In 2019, Rae Red came up with the idea for a spooky TV series that took the form of family horror with a third world perspective. “The idea was: how do you do Strange things in a slum in the Philippines? »The screenwriter and director tells NME. But filming pre-teen actors in multiple locations under COVID restrictions posed several hurdles, so she reworked the idea.
The result is Building 66, an 84-minute thriller set in the titular apartment block. A trio of teenagers (Francine Diaz, Francis Magundayao, Noel Comia Jr.) plan to rob an elderly neighbor, but more seedy characters step in and the plot thickens, taking us on a vicious journey. It is the only Filipino film competing in the Bucheon Choice category at South Korea’s Bucheon Film Festival, where it made its debut ahead of its world premiere this weekend.
Now streaming on iWantTFC, KTX.ph and other platforms, Building 66 is Red’s third directorial feature since the 2017 Dark Comedy Si Chedeng to Si Apple (co-directed with Fatrick Tabada). But you wouldn’t have considered the 31-year-old filmmaker a novice judging by the strength of her solo debut. Baba in Baril won several awards, including Best Director and Best Picture at the 43rd Gawad Urian, and is now streaming on Netflix. Before that, Red had written his way into the industry with a bang after scripting the acclaimed 2016 Birdshot, which won the award for best screenplay at the Asia-Pacific festival.
Rae has a strong cinematic pedigree. His father Jon Red is one of the pioneering filmmakers of independent Pinoy cinema, along with his uncle Raymond Red, who happens to be the country’s first Palme d’Or winner. And young moviegoers have probably heard of Rae’s cousin Mikhail Red (Birdshot, Dead children).
NME spoke to the author about the politics of his films, the expectations imposed by his last name, and Building 66. If you haven’t already paid attention to Rae Red, here’s why you should.
There is a line in which you wrote Baba in Baril where a character says, “everything is personal”. Can you explain this in terms of your choice of storytelling and the type of movies you’ve made so far?
“It was Elijah Canlas’ character, Jun who said that. I wrote the line to sum up the whole theme of Baba in Baril. My intention was not to make a revenge film but to describe why this system of violence exists – how the patriarchal system and the capitalist system interconnect in society and how it even affects our love lives. Which I guess is a lot to sum up [laughs]. I would say all of my films are personal.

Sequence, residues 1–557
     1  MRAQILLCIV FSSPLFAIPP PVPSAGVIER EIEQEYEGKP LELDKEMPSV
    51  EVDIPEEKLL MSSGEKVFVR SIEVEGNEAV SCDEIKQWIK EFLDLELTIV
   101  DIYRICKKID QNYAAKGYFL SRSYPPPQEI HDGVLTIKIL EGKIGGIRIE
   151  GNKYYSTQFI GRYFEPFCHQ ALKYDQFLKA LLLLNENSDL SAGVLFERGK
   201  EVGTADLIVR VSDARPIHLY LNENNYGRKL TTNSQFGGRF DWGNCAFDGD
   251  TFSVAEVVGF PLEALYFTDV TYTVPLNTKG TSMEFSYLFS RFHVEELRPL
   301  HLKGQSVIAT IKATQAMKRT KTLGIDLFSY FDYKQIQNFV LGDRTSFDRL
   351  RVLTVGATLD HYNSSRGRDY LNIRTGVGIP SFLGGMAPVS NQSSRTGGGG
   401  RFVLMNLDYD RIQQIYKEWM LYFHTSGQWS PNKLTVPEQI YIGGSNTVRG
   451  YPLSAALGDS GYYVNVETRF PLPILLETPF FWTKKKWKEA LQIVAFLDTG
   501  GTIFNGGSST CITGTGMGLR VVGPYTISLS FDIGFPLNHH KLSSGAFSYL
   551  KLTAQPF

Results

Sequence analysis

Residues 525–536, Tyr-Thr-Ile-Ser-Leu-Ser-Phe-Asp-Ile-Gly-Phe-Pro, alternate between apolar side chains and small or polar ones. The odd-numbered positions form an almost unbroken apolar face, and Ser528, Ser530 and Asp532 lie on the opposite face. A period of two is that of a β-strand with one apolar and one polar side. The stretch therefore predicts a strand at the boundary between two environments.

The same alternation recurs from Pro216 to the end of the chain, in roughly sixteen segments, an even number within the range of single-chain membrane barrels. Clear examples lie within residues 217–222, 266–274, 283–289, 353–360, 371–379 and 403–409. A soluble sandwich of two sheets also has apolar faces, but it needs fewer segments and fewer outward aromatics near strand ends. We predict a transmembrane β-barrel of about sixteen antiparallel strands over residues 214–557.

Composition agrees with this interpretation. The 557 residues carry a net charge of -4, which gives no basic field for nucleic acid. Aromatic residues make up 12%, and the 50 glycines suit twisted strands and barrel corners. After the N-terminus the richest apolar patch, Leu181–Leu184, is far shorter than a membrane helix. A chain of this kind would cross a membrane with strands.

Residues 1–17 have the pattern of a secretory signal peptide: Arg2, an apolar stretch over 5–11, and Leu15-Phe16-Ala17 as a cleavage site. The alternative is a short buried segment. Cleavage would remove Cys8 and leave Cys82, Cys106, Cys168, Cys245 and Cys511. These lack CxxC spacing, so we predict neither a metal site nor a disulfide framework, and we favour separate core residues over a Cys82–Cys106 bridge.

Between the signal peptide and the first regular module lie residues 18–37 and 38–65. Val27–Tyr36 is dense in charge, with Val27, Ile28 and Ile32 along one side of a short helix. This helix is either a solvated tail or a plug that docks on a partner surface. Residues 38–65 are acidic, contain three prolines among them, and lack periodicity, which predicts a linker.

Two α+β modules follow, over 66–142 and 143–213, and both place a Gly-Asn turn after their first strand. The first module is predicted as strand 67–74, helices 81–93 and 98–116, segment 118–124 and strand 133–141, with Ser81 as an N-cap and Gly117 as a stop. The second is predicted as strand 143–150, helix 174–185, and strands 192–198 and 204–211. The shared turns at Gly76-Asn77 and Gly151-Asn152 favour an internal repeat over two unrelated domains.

And they tend to have political comments. Is this something that you are aiming for, especially as a Filipino filmmaker at this time?
“I think it has to come naturally because you can still feel if it’s forced. I guess the reason it’s always political for me is that I always felt like something was wrong, even at a young age. My dad loves to watch Scorsese movies and gangster movies. As a child, I could feel the disconnect between watching [inequalities] portrayed in those movies and then watching, say, the Miss Universe pageant.
“I also went to a school with classmates who were children of celebrities or politicians. We’re not rich and I’m not conventionally pretty, so early on I sort of felt like I was a “minority” in quotes. I think the common misconception is that when your dad is a filmmaker, you’re rich and we really aren’t. It wasn’t until I got to college that I discovered oh, there are terms for this social structure that I felt as a kid. So I guess that’s why it’s always important for me to inject this into everything I do. Although I have to admit that sometimes I write just for entertainment too.
“Screenwriting is a lonely activity, with directing you are bound to be an extrovert. I love that I can be both “
Has been Building 66 intended to be purely entertaining?
“It was born from me and [Tenement writing partner] Kenneth Dagatan’s love for the thriller, suspense and coming of age genre. We wanted to make a frenzy viewable TV series that we would love to do. So the inspirations were movies like Support me and family horrors like Hereditary and German series Dark. The idea was, how do you do Strange things in a slum in the Philippines?